Embedding SVG Within a Web Page

So far we've created an SVG file and we've opened it in a browser to check it works. Now it's time to properly use our file within a web page.
To begin with we need a web page. This needn't be anything more complex than an empty file, with the .html file extension, saved from within a normal text editor. We needn't worry about having any code within this file, but if you're interested in the basics of HTML, take a look at The Best Way to Learn HTML at some point.
Here's my file, open in TextEdit for Mac OS X, but you can use whatever text, or code editor you please.
This file will open in a web browser just fine as it is, but we need to add some HTML "markup" code in order to embed the SVG. There are a few approaches towards doing this.

The <img> Tag Approach

Firstly, we can use an image tag (which you might be used to using for JPG, PNG files etc.) pointing to the exact file path within the src="" attribute. Paste this snippet into your HTML file:
<img src="SVG-Test.svg" />
Assuming the file path is correct, your HTML page will open in a browser just like this:
Yes, I know the general effect at this stage is precisely the same as when we opened the SVG directly in the web browser, but now we have much more power! For example, we can immediately make the SVG larger, by using the width="" attribute:
<img src="SVG-Test.svg" width="900" />
A beautiful, crisp SVG, infinitely scalable!
A beautiful, crisp SVG, infinitely scalable!
This approach is perhaps the easiest, but it does have its problems. Some browsers, for security reasons, will restrict what you're able to do the the SVG (with JavaScript, for example). Let's look at alternatives.

The <object> Tag Approach

Using the <object> tag is similar, but you point to the file path like this:
<object type="image/svg+xml" data="SVG-Test.svg"></object>
The result is precisely the same:
For browsers which don't support SVG, you can even place a warning within the contents of the <object>, to be displayed if the SVG can't be:
<object type="image/svg+xml" data="SVG-Test.svg">This browser sucks</object>
Many web designers agree that this approach is the most reliable and flexible way to use SVG within a web page at the moment.

The Inline Approach

We've spoken about the XML origins of SVG, and if you open the SVG file with your text editor you'll see something like this:
Wow, what a load of nonsense! Actually, once you're over the initial shock, you should be able to see some sense in amongst it. We can use this XML code inline, by pasting the contents directly into our HTML file.
When you become a bit more familiar with the SVG XML structure, you'll be able to trim bits out of the file, which all helps file size.
Feel free to remove the <!DOCTYPE> line, the <!-- Generator: Adobe Illustrator comment, and even the <?xml statement, if you feel like it.
All you really need is a simplified version, comprising just a couple of XML tags:
Our SVG:
<svg version="1.1" id="Layer_1" xmlns="" xmlns:xlink="" x="0px" y="0px"
     width="300px" height="300px" viewBox="0 0 300 300" enable-background="new 0 0 300 300" xml:space="preserve">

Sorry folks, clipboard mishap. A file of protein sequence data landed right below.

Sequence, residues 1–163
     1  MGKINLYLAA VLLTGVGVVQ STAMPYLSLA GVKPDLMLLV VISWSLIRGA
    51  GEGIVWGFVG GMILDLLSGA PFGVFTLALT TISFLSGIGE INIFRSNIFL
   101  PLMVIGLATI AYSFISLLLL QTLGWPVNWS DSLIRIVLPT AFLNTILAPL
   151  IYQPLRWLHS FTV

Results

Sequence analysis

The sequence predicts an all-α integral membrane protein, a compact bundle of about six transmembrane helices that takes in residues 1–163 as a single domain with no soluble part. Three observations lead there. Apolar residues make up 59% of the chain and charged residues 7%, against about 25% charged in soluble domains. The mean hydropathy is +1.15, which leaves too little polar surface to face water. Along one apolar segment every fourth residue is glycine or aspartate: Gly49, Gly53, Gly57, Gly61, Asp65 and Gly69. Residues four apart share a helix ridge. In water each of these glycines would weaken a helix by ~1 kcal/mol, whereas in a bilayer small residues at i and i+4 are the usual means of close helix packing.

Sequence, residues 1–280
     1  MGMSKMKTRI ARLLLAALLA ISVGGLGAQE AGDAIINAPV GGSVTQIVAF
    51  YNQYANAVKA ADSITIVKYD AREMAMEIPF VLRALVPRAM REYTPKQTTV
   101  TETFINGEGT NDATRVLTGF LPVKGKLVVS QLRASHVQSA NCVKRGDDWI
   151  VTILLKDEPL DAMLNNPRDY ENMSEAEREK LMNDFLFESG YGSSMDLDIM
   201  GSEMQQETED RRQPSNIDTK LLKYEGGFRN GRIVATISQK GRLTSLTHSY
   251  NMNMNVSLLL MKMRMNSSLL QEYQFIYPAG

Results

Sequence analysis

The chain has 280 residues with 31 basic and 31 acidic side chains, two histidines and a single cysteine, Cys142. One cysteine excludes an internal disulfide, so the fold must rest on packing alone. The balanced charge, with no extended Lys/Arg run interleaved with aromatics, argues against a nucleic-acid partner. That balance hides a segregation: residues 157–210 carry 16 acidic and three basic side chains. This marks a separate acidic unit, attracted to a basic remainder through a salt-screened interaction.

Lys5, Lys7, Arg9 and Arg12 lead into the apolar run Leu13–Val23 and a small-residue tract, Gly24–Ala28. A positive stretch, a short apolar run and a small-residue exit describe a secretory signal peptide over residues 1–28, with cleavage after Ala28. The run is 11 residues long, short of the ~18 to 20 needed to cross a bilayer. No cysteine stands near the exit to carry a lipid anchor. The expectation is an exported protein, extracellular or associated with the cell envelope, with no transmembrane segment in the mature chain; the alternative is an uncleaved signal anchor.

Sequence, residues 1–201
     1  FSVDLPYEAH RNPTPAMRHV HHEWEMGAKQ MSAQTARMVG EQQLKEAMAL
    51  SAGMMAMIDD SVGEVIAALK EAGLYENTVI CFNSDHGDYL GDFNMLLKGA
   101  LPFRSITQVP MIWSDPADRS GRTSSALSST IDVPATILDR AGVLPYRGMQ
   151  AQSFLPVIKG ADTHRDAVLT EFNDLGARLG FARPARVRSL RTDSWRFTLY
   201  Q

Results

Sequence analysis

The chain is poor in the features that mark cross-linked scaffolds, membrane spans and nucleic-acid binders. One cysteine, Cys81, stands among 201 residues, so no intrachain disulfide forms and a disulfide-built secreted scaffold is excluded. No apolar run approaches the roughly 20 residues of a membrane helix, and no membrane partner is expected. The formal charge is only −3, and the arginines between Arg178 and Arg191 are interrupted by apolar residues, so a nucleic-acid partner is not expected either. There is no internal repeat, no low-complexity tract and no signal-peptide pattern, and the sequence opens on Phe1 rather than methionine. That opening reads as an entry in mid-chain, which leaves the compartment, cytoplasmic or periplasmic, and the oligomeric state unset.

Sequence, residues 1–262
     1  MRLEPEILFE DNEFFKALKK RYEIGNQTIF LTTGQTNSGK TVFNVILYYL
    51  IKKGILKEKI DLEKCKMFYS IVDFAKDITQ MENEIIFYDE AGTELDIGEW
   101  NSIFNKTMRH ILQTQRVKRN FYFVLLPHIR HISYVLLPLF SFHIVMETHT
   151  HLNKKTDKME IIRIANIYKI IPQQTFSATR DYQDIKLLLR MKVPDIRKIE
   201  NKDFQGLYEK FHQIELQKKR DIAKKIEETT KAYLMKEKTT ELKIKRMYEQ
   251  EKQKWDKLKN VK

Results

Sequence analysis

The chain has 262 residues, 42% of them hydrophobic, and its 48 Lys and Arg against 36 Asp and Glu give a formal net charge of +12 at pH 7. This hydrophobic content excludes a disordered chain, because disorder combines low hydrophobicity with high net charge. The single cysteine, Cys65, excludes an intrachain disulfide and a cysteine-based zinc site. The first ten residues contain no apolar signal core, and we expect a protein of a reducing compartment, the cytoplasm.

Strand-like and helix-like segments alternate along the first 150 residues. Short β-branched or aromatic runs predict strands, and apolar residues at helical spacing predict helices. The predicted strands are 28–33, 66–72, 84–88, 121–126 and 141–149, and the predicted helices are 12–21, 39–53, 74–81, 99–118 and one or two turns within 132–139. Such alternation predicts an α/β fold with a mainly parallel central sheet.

<path d="M220.784,150c0,19.533-6.914,36.214-20.742,50.042c-13.828,13.829-30.51,20.743-50.042,20.743
        C204.68,177.514,209.463,164.636,209.463,150z M175.756,177.744c0,7.145-2.521,13.224-7.562,18.236
        V177.744z M124.072,158.729v-13.051c-4.207,0.346-6.31,2.507-6.31,6.483C117.762,156.195,119.865,158.384,124.072,158.729z
         M152.333,111.28l-17.977-4.148h-5.963v6.31L152.333,111.28z M165.384,119.663l-7-5.186l-29.991,3.284v6.31L165.384,119.663z
         M170.311,128.824l-2.247-4.84l-39.67,4.754v5.186L170.311,128.824z M171.435,138.418v-4.84l-43.042,4.84H171.435z
        c-6.108,0-9.162-5.532-9.162-16.595h-21.175v35.869H171.435z M146.802,173.681h-3.198v-24.027h-12.187v-2.938h15.384V173.681z
         M138.678,151.728l-2.939,3.112l-2.506-3.112H138.678z M159.68,186.559v-3.371h-19.532v3.371H159.68z"/>

The CSS Background Approach

Using CSS (the styling syntax used in combination with HTML) we can also dictate that our SVG file acts as a background image to an element on our web page.
We're pushing the boundaries of this tutorial now, but if you're interested in learning the basics of CSS, take a look at The Best Way to Learn CSS.
We can use a separate CSS file, linking to it from our HTML document, or we can use <style> tags directly within our HTML. Our styles would look something like this:
html { background-image: url(SVG-Test.svg); }
This style rule states that our SVG file should display as the background to our HTML element.


That about wraps up the basics! In this tutorial we covered SVG creation, and basic SVG usage for the web.
If you've always wondered what SVG was, but never knew precisely why you should use it, I hope this tutorial has opened your eyes. The potential for this format is huge and is growing all the time thanks to the imagination and technical wizardry of folks in the web and graphics industries.
We have more tutorials on animation and interacting with SVG graphics on the way, so stay tuned!


Lorem ipsum dolor sit amet, consectetur adipisicing elit, sed do eiusmod tempor incididunt ut labore et dolore magna aliqua. Ut enim ad minim veniam, quis nostrud exercitation.


Copyright @ 2013 KrobKnea.

Designed by Next Learn | My partner